World Rainforest Movement

Honduras: Rio Platano Reserve questioned

For most of the population of Honduras, the Rio Platano Biosphere Reserve is a motive for national pride. Added to the scenic beauty of this zone is its biological and cultural wealth with its conservation ensured for future generations. However, another part of the population – the most important one – is not of the same opinion.

The reserve is located in the Atlantic zone of Honduras, in the territory of the Miskito Indigenous Peoples, who live alongside smaller percentages of Pech Indigenous People and Garifuna populations. As in other Biosphere Reserves in the world, its 830,000 hectares (7% of the country’s territory) are divided into a core (untouchable) zone, the buffer zone (having restricted use) and the productive use zone. The area is characterized by enormous wealth in terms of plant and animal diversity and by considerable cultural diversity.

As with other similar reserves, the local population was never consulted about the establishment of the reserve and still less informed about the restrictions this would impose on its use. To understand the injustice this implies, two facts need to be highlighted:

– That the area was inhabited by Miskito populations long before the creation of the Republic of Honduras
– That by means of sustainable use of natural resources, the Miskito and other native inhabitants of the zone ensured an excellent state of forest conservation.

That is to say that, in addition to ignoring their ancestral rights to the land, they have been awarded a “prize” for forest conservation, by declaring it a Biosphere Reserve and imposing them restrictions on the use of their resources.

However, the same restrictions are not placed on those who have destroyed the forests of the region and who continue to do so, extracting mahogany and other valuable wood from the area declared a reserve: the timber loggers.

A local Miskito inhabitant – who preferred to remain anonymous – emphasized the presence of many logging companies in the zone, which obtain permits from the Honduran Corporation for Forest Development (Corporación Hondureña de Desarrollo Forestal – COHDEFOR). However, “native people cannot obtain permits and every so often go to jail for cutting down a tree.” This contrasts with the fact that “the State never arrested anyone linked to the logging companies.”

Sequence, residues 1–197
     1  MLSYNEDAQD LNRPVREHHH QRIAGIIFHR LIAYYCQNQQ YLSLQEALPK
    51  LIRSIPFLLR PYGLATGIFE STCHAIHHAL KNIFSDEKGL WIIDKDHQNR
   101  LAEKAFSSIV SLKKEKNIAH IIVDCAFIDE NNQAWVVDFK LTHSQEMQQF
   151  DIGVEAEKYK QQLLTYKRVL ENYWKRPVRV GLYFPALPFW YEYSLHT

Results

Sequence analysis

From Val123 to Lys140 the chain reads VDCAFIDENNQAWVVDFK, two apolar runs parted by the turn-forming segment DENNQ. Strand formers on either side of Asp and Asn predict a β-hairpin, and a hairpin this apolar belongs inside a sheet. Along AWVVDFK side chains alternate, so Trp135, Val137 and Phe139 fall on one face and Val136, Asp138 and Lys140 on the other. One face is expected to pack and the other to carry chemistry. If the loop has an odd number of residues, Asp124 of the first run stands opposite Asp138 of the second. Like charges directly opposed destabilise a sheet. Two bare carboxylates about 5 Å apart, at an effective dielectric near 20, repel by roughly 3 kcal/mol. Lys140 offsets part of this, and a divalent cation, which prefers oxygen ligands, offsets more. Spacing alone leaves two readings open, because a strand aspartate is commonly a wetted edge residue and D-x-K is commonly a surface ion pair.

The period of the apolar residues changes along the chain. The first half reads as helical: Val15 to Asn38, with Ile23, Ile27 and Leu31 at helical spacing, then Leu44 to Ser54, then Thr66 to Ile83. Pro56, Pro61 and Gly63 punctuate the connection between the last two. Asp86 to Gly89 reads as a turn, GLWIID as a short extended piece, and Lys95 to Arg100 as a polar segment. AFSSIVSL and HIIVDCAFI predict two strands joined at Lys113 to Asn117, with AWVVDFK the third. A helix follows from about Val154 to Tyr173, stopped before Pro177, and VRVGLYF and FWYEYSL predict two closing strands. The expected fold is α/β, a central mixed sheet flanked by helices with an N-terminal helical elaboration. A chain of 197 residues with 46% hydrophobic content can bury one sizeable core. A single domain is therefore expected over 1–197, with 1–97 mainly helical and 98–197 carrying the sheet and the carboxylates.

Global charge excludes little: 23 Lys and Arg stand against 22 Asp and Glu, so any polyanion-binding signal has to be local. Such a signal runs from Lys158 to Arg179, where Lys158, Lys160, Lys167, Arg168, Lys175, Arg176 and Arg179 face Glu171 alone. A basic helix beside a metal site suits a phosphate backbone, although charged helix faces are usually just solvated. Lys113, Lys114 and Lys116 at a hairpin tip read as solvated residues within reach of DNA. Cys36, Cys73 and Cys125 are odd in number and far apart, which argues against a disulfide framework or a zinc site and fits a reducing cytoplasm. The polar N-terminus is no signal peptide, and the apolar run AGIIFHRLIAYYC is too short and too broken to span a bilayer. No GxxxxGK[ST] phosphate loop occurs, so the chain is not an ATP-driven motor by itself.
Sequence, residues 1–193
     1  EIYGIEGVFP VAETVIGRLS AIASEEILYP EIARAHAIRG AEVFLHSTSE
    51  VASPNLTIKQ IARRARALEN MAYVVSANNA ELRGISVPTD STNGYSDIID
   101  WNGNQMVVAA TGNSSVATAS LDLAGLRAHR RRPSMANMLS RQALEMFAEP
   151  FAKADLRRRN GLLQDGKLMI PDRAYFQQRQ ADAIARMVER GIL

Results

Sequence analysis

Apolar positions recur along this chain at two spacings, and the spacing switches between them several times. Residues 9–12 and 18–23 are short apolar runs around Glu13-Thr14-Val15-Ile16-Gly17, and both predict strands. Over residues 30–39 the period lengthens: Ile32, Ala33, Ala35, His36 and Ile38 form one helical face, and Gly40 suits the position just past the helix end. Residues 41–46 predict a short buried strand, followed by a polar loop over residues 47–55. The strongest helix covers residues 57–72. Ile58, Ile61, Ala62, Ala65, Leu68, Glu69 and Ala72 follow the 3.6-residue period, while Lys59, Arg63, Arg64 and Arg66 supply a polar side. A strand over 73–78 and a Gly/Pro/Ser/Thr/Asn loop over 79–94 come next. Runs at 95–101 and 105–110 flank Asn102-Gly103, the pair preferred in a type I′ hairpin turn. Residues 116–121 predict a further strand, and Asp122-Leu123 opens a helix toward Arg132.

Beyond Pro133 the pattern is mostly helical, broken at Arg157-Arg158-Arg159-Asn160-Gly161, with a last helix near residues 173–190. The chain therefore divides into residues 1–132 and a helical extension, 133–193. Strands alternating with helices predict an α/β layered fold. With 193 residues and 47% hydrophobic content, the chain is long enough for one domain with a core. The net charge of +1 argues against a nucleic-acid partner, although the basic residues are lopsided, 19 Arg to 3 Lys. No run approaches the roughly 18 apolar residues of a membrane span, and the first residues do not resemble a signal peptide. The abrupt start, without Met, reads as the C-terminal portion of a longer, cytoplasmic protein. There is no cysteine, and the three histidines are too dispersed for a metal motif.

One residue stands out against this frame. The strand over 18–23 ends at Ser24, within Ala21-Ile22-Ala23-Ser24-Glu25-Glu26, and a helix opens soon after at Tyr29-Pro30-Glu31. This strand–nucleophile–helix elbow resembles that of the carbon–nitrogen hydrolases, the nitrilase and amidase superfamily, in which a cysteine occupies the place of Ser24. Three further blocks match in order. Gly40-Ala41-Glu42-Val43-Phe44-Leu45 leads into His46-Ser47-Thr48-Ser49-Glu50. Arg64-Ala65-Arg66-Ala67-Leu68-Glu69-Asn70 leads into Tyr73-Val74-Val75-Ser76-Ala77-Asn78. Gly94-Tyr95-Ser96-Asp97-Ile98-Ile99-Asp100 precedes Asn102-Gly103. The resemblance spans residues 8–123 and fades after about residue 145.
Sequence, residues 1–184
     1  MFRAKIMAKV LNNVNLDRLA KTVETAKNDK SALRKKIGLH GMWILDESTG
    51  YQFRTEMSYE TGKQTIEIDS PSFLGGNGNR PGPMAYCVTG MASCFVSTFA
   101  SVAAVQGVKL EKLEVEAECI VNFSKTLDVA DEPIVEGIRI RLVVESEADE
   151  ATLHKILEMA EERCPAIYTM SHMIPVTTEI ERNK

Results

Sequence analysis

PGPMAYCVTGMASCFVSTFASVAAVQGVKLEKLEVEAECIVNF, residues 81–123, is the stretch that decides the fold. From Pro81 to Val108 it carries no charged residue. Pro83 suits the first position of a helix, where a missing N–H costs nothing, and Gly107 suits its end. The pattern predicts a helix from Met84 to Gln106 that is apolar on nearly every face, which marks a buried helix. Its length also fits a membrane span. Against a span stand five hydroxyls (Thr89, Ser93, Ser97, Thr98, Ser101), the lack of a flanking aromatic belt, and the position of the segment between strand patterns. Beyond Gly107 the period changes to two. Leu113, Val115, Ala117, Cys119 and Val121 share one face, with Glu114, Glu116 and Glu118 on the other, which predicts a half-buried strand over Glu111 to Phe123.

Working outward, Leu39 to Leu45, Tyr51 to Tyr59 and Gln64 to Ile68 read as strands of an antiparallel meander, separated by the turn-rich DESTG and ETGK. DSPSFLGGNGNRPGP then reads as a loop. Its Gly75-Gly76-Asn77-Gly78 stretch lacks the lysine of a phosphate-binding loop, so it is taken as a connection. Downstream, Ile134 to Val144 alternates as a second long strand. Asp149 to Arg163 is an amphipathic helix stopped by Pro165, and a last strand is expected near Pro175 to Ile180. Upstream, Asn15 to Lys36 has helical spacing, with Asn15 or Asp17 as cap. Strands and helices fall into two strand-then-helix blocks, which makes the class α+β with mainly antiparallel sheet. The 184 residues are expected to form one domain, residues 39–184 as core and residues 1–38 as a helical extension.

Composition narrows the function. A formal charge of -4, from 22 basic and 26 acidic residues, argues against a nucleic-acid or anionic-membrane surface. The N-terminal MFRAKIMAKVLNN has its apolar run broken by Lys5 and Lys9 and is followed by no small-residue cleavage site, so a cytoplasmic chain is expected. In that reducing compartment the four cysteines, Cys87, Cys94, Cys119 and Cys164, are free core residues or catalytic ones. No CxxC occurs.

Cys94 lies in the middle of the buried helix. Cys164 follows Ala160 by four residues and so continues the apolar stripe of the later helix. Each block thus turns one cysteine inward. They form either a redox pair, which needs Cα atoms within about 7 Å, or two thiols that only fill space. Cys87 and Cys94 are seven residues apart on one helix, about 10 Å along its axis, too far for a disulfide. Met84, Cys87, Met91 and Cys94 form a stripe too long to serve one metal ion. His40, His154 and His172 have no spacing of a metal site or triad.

The reason the person interviewed did not want to give his name is explained by the fact that “there have been murders and constant threats to leaders who make complaints against the logging companies. One of those threatened is the Miskito leader, Aldo Allen.”

While the logging companies continue their business with the explicit or implicit support of the authorities, the local inhabitants are forbidden to access certain zones and restrictions on hunting, fishing and wood and plant extraction are enforced.

Under these conditions, it is not surprising that sources of labour are scarce and poverty is increasing. The State centres its action on forest protection, but at the expense of the local population. The situation is summed up by our interviewee, who stated, “we are rich, but we manage poverty. The Reserve did not generate employment except for outsiders.”

However, the State obtains funds through the reserve, an important part of the Meso-American Biological Corridor. Among those providing financial resources, are the following: the World Wildlife Fund, Nature Conservancy, GTZ (the German International Development Agency), the US Department of the Interior and the Japanese International Cooperation Agency.

Unfortunately, these financial resources are not being used to improve the local peoples’ situation. On the contrary, the reserve has led to a worsening of their living conditions. “People are afraid of the word ‘reserve’ because the result is that they have been deprived of all their rights. Many do not even know they are in a reserve.”

In spite of the difficulties, the Miskito and other local populations are developing actions towards recognition of their rights. Among these is the issue of obtaining land tenure deeds. The people are demanding that the communities be granted deeds (and not individually). Added to this claim, they demand that the Reserve and its management be placed in the hands of the Indigenous Peoples – which is only demanding justice.

Article base on information from an interview with an anonymous Miskito Indigenous person, July 2003, Eco-Index: Rio Plátano Biosphere Reserve Integrated Management Program http://www.eco-index.org/search/results.cfm?ProjectID=135

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